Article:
North America

GPS Innovations for an Aging Population Confronting Dementia

A Man walking on street confused. PAJ GPS for people with dementia following.

The projected growth in the population of Americans aged 65 and above is expected to expand from 58 million in 2022 to 82 million by 2050, marking a 47% increase. It will create challenges as demand for care increases and dependency ratios change.

Furthermore, with increasing life expectancy, senile dementia and Alzheimer’s disease are on the rise. These diseases can affect both the elderly and the young. Unfortunately, diseases are just not linked to aging.

According to Columbia University research, almost 10% of U.S. adults ages 65 and older have dementia, while another 22% have mild cognitive impairment. This neurodegenerative disease affects more than 30 million people globally.

Pathological changes in neurons cause cognitive deterioration over time, even if symptoms are initially subtle.Dementia is a neurocognitive disorder that affects the old, causing deterioration of mental capabilities, memory, thinking, and social skills.
Although different, Alzheimer’s disease is the principal cause of dementia, and there is a close relationship between them.People affected by these diseases require attention and care, a growing concern in a world with smaller families. 

GPS for people with dementia: a tool that can improve the lives of patients with dementia or Alzheimer’s

There are several socioeconomic reasons behind this trend. But we cannot ignore the fact that these problems have new-age solutions with the help of technology.In developed countries, there are specialized homes for people with dementia, focusing on mental well-being and safe, welcoming environments.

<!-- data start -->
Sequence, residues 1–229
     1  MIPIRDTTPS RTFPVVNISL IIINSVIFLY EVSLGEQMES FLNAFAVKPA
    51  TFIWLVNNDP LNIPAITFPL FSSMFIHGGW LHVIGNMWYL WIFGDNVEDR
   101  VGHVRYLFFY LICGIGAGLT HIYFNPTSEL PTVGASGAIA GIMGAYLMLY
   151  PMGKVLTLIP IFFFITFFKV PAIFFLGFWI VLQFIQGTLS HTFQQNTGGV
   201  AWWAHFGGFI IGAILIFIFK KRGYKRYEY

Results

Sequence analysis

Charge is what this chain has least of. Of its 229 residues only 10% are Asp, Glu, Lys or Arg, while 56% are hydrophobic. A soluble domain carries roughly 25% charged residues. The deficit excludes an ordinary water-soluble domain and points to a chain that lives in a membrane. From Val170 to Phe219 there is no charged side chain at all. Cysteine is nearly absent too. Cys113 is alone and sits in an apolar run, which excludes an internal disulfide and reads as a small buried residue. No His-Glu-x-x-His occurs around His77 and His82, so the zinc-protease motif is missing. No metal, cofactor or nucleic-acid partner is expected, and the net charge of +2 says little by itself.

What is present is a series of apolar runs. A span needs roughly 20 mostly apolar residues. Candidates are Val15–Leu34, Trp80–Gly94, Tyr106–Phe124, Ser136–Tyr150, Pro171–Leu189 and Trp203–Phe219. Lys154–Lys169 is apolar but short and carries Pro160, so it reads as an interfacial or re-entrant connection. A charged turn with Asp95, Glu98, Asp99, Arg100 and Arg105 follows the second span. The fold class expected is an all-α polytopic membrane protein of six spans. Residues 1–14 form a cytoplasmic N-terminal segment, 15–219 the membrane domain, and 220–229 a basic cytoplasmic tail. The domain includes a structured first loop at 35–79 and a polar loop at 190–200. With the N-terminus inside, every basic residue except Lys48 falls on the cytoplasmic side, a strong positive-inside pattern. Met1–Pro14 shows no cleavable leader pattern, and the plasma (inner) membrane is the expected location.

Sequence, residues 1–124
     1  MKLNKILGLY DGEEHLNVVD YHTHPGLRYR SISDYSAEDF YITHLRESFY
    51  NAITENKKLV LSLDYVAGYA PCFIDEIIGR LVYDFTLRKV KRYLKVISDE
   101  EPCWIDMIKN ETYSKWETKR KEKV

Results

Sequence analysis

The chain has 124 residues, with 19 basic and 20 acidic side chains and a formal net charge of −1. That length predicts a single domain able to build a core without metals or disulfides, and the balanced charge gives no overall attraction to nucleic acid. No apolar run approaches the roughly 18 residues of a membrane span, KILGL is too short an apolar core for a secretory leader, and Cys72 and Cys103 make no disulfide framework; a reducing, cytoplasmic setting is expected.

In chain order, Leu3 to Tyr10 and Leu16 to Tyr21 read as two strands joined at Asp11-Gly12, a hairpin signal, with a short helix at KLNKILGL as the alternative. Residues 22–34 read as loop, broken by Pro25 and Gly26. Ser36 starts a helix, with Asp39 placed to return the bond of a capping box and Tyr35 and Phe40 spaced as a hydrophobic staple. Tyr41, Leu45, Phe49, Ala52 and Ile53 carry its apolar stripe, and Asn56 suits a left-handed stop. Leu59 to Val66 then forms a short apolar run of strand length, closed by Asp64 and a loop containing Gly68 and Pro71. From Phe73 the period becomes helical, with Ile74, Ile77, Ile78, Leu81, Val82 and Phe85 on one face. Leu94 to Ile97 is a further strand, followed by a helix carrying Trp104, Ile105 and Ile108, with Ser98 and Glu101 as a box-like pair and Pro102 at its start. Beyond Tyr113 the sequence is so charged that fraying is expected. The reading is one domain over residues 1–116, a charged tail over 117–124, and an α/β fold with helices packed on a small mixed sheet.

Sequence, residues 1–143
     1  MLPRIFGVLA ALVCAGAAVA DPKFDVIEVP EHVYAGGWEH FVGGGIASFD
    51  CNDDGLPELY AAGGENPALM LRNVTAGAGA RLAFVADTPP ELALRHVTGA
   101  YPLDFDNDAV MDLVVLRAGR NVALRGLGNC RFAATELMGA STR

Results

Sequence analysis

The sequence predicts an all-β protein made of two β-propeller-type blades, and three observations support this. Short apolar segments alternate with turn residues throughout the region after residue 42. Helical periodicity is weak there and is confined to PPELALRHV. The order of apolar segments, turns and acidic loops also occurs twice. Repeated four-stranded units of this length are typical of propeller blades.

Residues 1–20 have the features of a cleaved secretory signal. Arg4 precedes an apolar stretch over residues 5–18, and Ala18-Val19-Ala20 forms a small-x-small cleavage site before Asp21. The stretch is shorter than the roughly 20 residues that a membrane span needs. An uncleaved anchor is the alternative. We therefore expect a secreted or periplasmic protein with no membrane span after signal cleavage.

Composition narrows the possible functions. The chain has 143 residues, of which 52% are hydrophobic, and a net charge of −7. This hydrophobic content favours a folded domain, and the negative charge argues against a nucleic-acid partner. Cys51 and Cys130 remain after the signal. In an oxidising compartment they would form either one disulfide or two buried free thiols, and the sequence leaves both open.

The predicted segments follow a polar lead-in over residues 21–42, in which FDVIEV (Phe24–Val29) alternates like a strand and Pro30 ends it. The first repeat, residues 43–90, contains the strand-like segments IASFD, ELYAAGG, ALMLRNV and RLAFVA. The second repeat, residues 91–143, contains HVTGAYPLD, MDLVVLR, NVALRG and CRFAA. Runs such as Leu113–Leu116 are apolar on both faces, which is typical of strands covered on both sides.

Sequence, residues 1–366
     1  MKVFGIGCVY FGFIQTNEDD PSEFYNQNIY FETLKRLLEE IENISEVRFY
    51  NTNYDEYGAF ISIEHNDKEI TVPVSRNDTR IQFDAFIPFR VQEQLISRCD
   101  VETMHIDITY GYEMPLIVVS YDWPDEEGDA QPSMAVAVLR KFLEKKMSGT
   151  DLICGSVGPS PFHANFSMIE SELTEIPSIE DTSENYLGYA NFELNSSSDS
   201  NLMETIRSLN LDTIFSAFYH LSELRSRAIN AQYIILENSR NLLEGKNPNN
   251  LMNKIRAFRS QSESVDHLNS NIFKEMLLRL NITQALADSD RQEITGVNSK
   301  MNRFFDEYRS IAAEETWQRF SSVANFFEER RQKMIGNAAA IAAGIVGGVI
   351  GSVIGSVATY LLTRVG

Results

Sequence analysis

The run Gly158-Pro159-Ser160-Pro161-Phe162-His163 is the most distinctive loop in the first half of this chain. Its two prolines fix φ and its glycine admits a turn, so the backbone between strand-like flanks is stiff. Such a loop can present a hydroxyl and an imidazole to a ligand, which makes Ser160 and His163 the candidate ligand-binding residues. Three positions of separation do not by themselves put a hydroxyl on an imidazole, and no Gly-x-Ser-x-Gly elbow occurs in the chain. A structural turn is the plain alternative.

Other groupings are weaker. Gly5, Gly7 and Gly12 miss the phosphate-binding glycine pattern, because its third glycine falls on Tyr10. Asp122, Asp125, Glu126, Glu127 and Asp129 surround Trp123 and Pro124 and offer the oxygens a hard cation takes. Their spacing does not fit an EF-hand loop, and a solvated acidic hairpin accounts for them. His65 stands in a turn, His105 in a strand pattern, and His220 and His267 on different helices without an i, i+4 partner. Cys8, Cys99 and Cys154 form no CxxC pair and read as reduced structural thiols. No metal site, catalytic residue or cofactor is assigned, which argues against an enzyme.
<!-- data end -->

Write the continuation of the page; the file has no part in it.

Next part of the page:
However, some peo le with mild dementia still live at home and lead relatively ordinary lives. GPS trackers for seniors with dementia can assist caregivers and family members when disoriented or lost.

How does a GPS tracker help people with neurodegenerative diseases?

Let’s see how a GPS tracker helps in the daily lives of these types of patients and how it can improve their social life without compromising their reduced mobility and interaction with others.

One of the problems that most worry caregivers or family members of people with dementia is their mobility. Due to the high risk of getting lost and not being able to find their way home, these patients are often confined to their homes or even locked up. However, studies suggest that social interaction and time spent outdoors may be beneficial in slowing the spread of brain damage. Permanent use of a personal tracker allows them to move around and lead a healthier life.

These devices, typically worn or carried by seniors, enable their location to be monitored at any time. The device receives signals from GPS satellites to determine location coordinates, which caregivers or family members can access through a web portal or application.

Other GPS features: SOS button and virtual borders

GPS for the old has another interesting function. A virtual border can be set around a house. And whenever the person’s tracker crosses that border, family members or caregivers receive an instant notification.

Finding your way back or your location if the person wanders away is another concern when dealing with dementia patients. If they move, memory loss can cause confusion, and may not recognize their way back. And I still hope to end up lost on the street.

Current GPS locators for seniors, such as the PAJ GPS, are equipped with an SOS button for application in emergencies. Pressing this button sends an alert to predefined important contacts, potentially including caregivers or family members. These contacts can then take appropriate actions, such as contacting emergency services or providing immediate assistance. This feature ensures that even when seniors are not under active supervision, they have the means to signal for help, thereby facilitating timely medical intervention when necessary.

It is crucial to know that, to use these GPS devices with seniors, there must be clear consent from the person concerned. However, in some cases, a family power of attorney may be sufficient. It’s good to know that there are technologies that can improve the quality of life of people suffering from this disease.